Can an Employer Fire an Injured Employee on Light Duty and Then Stop Paying Temporary Disability Benefits?
In an extension of the principle established in Cunningham v. Atlantic States Cast Iron Pipe Co., 386 N.J. Super. 423 (App. Div. 2006), the Appellate Division ruled on January 22, 2016 that an employee who was fired while on light duty was not entitled to temporary disability benefits because the firing was not related to his injury.
The case, entitled Katzenstein v. Dollar General, A-1141-13T3 (App. Div. January 22, 2016) arose from a compensable accident on August 22, 2012 when Mr. Katzenstein, a store manager, injured his knee, requiring authorized treatment. On September 19, 2012, Dollar General returned Katzenstein to light duty work. On September 28, 2012, Dollar General terminated Katzenstein for leaving several employees in the store without supervision while he went to the bank to deposit the previous day’s earnings.
Following his termination, petitioner Katzenstein filed for unemployment benefits; however, he was denied benefits because he was terminated for misconduct. On October 17, 2012, Dr. Basch, the authorized treating doctor, opined that petitioner could not work due to his knee injury. Katzenstein continued to treat with Dr. Basch, who maintained the light duty restriction with no lifting over 25 pounds.
Katzenstein filed a motion for medical and temporary disability benefits in the Division of Workers’ Compensation. He relied on Dr. Basch’s opinion that he could not work at all because he needed knee surgery.
On February 28, 2013, a consent order was entered providing that the parties agreed without prejudice that petitioner would receive temporary disability benefits from November 14, 2012 to February 14, 2013. When the three months ended, Katzenstein filed a motion to enforce the order and to obtain ongoing temporary disability benefits.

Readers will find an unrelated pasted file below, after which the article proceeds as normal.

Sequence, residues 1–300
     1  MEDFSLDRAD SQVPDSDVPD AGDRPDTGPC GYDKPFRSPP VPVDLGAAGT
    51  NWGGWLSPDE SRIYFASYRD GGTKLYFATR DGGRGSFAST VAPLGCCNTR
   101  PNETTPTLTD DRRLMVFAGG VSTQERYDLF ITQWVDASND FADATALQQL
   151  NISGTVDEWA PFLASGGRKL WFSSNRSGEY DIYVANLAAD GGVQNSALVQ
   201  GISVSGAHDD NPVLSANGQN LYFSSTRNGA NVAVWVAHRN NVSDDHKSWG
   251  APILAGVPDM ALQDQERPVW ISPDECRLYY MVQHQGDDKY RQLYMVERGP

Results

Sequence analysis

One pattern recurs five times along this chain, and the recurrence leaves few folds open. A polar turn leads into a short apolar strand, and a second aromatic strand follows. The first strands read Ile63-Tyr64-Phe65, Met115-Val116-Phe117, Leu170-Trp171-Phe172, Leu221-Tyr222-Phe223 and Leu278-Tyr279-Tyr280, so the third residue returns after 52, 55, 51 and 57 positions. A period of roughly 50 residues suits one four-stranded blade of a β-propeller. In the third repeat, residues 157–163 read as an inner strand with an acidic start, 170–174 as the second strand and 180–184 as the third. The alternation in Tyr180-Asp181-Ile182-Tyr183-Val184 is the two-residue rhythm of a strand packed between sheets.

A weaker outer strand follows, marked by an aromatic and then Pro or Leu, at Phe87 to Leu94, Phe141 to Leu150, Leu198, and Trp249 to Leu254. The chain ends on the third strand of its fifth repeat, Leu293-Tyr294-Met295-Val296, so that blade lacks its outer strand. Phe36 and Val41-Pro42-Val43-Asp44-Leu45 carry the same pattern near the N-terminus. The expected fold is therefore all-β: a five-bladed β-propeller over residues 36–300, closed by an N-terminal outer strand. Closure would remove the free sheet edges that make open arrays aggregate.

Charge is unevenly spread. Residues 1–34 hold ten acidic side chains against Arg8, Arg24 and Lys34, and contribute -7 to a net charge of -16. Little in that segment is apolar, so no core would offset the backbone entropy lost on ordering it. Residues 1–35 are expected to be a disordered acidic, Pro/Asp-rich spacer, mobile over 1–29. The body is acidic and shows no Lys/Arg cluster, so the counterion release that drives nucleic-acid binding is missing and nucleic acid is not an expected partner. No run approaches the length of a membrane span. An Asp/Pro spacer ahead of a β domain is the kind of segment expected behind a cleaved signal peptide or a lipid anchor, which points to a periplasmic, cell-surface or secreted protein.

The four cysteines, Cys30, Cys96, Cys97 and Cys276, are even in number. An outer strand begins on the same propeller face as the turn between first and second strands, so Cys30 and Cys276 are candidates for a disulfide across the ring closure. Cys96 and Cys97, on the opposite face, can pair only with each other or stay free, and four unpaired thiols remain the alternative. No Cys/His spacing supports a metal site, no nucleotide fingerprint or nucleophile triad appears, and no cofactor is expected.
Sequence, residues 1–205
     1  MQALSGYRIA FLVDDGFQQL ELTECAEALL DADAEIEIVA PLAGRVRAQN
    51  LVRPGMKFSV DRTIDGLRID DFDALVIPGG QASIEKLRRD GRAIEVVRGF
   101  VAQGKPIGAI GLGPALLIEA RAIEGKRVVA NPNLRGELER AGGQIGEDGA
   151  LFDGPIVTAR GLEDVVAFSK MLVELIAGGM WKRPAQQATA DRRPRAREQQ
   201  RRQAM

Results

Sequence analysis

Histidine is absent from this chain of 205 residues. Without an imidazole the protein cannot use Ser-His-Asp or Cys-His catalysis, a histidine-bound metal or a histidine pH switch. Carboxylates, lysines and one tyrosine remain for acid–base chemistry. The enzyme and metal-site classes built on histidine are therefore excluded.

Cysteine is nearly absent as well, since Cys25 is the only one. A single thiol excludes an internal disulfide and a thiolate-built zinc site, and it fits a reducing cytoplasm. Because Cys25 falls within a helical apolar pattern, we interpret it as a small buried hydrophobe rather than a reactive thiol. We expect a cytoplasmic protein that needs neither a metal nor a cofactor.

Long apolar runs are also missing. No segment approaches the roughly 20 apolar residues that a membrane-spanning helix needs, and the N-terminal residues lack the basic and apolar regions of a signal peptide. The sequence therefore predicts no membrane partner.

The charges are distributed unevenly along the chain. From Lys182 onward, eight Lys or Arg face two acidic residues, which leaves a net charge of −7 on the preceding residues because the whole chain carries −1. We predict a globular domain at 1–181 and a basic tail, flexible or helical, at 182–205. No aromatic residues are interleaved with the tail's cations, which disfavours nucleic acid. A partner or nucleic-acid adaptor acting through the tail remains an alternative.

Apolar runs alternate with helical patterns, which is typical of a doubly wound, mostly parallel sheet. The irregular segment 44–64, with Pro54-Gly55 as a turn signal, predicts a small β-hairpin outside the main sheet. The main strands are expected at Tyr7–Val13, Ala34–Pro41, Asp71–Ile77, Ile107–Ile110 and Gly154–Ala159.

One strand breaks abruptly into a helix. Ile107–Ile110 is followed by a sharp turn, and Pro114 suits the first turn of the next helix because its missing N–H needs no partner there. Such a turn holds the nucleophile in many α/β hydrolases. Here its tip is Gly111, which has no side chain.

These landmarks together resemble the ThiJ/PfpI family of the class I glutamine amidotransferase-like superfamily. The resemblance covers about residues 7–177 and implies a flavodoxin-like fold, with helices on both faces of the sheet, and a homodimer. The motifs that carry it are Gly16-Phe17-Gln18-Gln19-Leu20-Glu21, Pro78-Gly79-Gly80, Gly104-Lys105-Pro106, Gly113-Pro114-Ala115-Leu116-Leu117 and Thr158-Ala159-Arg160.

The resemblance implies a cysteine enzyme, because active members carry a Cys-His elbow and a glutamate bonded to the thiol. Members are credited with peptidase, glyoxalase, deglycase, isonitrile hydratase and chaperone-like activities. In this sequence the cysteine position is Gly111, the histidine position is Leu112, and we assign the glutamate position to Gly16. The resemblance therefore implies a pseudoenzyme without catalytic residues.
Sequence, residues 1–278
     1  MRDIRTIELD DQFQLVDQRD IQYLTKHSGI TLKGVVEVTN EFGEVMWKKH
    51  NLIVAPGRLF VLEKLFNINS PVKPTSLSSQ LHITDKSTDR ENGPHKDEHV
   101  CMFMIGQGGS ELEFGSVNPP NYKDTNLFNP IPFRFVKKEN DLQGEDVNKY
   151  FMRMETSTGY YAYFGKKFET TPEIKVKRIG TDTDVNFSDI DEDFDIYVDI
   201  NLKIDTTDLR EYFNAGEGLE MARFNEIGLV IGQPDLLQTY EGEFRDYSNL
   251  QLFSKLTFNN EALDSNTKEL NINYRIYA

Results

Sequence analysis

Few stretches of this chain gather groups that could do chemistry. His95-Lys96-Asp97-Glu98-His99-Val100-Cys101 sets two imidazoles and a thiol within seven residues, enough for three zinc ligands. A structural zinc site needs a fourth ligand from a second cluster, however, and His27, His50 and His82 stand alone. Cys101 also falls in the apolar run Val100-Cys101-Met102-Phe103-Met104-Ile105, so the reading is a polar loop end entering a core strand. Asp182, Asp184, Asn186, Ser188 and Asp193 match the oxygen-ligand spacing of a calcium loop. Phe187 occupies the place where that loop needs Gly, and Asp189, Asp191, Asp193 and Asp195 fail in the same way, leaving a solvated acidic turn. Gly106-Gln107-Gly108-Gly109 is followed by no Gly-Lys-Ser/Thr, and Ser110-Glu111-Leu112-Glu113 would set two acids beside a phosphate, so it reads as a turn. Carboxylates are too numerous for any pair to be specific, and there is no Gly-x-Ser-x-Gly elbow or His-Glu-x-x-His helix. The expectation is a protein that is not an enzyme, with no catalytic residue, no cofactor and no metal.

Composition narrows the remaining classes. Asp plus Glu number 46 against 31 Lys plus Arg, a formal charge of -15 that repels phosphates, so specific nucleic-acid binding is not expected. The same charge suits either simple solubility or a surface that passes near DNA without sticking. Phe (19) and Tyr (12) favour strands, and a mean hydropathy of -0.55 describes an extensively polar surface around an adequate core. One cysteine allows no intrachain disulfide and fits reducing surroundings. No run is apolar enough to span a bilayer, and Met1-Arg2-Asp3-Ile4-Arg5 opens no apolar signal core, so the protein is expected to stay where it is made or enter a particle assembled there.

In his motion, Katzenstein misstated the reason he did not get unemployment. He asserted that he lost his unemployment claim because “was unable to engage in employment due to the injury to my right knee.” He did not mention that he had been denied benefits because he had been fired for misconduct. The Judge of Compensation focused on this misrepresentation and the fact that Katzenstein’s injury was not the reason he left his job. Rather, he was fired for misconduct. The Judge noted petitioner was lacking in candor and also noted that there was no evidence that petitioner had any prospect of new employment. Petitioner then filed an appeal.
One week before the Judge of Compensation issued his decision, the Board of Review overturned the denial of unemployment benefits on the basis that petitioner’s conduct was reasonable and not an act of misconduct.
The Appellate Division applied the rule in Cunningham and said that the two cases were similar because the petitioner in Cunningham was injured on the job, returned to work, but was subsequently terminated and found not entitled to continuing temporary disability benefits while recovering from surgery. In this case petitioner was injured on the job, placed on light duty, and then fired for a violation of company policy. The court said that the burden was on petitioner to prove that he would have worked. The Court said, “In determining that Katzenstein was not credible, the judge found he was neither offered employment after he was terminated nor declined employment due to his work-related disability.” The Court wrote:
Here, the judge of compensation properly applied Cunningham. The judge assessed whether Katzenstein, after being terminated, had a promise or prospect of employment that he had to forego due to his disability. In determining that Katzenstein was not credible, the judge found he was neither offered employment after he was terminated nor declined employment due to his work-related disability.
This case is an important one. It is the first Appellate Division case dealing with the right of the employer to terminate temporary disability benefits following job termination after an employee has been placed on light duty. The case does not discuss the rule in Harbatuk, which is that an employer can terminate temporary disability benefits to someone who turns down light duty. This employee accepted light duty and presumably thought his temporary disability benefits would continue until he could either return to work full duty or until maximal medical improvement. The Katzenstein case now applies the Cunningham rule to situations where someone is fired while on light duty for reasons unrelated to the work injury. Petitioner was not able to show that he was fired because of his injury or that he had prospects of employment which he was unable to perform because of his injury.